3. Find a local group that is working to end area trafficking.
Local groups often know a great deal about what issues are the most prevalent and serious in their specific area. Getting connected with them can help you learn more about the most common kinds of trafficking that you might be exposed to in your local area, and you might even be able to find ways to get involved through their work. These groups sometimes conduct local training sessions, hold conferences, or host fundraisers to support efforts to end trafficking. Groups often have Facebook presences or can be found through community organizations such as homeless shelters, centers for assisting with domestic violence, or churches.
4. Learn more about Fair Trade products.
Companies that receive Fair Trade certifications are inspected to be sure that they are paying workers fair wages and not using child labor. Coffee and chocolate are fairly easy to find as fair trade goods, and there are some websites that can help determine what stores and brands are less likely to be using trafficked labor. SlaveryFootprint and BetterWorldShopper both can help determine what products you use might be produced by slave labor. While the end result of learning all this may look daunting, start small. Pick one or two products to start purchasing as Fair Trade, because even a small action can make a big difference.
5. Be aware and alert to potential trafficking situations.
Not only can this potentially help identify trafficking victims, it can also help protect you. Paying attention to suspicious vehicles, strangers offering assistance-or asking for it, or people behaving strangely in hotels or rest stop areas is vital to both protecting yourself from becoming a victim as well as helping those who are already trapped. Reporting suspicious activity to the police or a trafficking hotline is important. Many times people do not report because they are unsure of whether their suspicion is genuine and do not want to bother police unnecessarily or cause trouble if the case is not legitimate. However, it is better to over-report than under-report. Another easy way to assist in police investigations of trafficking is to use the site TraffickCam, which allows people to post photos of hotel rooms so police can match them to backgrounds of child pornography videos.
6. Spread the word
Human trafficking is a silent crime. Few know it exists, even fewer are willing to do anything about it. Fewer than five percent of Americans know that the trafficking hotline exists. Even fewer would ever actually call it. There are easy ways to help inform others about the dangers of trafficking. Teaching children about stranger danger, while it may sound clichéd, is a good way to help protect them from becoming victims. Volunteering to help at or participate in local fundraisers is another short term commitment that can help raise awareness. Buying fair trade chocolate and clothing as gifts for family and friends is also a good way to start a conversation. Helping start or promote petitions for local and national legislation to fight trafficking is another small action that can have a large effect. Legislation to enforce closer inspections of businesses that may be employing slave labor, or to help fight child porn and prostitution can of course only be as effective as long as it is enforced, but having protective laws can help deter trafficking.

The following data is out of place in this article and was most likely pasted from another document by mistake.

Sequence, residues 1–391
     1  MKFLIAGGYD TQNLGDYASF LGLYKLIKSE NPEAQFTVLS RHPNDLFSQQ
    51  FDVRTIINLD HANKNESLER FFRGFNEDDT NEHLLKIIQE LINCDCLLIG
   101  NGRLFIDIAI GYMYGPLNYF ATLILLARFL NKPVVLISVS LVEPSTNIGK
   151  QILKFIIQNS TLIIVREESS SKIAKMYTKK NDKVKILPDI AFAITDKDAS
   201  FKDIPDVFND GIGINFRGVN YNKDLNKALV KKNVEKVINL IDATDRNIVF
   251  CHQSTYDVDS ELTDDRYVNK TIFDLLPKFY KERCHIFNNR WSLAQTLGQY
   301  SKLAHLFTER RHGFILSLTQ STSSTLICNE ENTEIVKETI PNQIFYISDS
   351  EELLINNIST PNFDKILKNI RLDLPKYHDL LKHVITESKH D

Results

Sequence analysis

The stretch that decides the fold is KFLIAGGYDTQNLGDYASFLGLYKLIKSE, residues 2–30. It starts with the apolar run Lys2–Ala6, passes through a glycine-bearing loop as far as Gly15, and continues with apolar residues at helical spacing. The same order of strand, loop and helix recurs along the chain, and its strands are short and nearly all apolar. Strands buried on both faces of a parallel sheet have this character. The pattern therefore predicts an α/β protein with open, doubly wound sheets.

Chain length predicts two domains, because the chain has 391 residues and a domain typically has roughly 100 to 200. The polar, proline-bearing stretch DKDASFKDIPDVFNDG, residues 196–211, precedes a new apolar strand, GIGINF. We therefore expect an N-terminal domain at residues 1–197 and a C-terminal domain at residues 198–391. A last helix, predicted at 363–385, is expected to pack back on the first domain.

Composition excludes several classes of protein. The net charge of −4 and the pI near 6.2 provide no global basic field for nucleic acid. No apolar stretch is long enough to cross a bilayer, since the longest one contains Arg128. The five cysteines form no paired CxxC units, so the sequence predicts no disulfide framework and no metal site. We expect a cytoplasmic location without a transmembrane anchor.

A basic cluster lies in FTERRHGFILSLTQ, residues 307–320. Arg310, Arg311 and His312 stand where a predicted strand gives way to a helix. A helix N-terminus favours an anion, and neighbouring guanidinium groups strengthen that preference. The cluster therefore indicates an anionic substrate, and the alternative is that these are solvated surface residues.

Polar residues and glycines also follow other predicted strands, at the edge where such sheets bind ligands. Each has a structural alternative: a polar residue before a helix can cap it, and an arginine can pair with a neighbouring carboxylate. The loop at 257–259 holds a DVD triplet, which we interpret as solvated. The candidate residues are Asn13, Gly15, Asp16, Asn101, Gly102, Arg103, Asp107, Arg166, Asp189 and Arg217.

Another very important thing to remember is that those who have been victims of trafficking are not the ones to blame. They have often been threatened, coerced, or manipulated into these situations, and they have been strong enough to survive. Their stories are far more than one event, and they deserve respect and support, rather than condescension or patronizing pity. Anyone could be a victim. They could be your next door neighbor, a waiter or waitress, your best friend, or your child’s classmate. And anyone can be a survivor too, someone who has rebuilt their life and refused to allow the pain of their past to control their future. Those who are ready to share their stories deserve our respect and our support. They have been through something horrific and had the courage to talk about it.
Every day, slavery happens, and knowing that is a very painful thing. We can choose to deny it, or to do something about it. There is always a choice. But I would encourage you not to forget that this problem exists.
Speak up for those who can’t. Or, as Anj would say,
Find Your Voice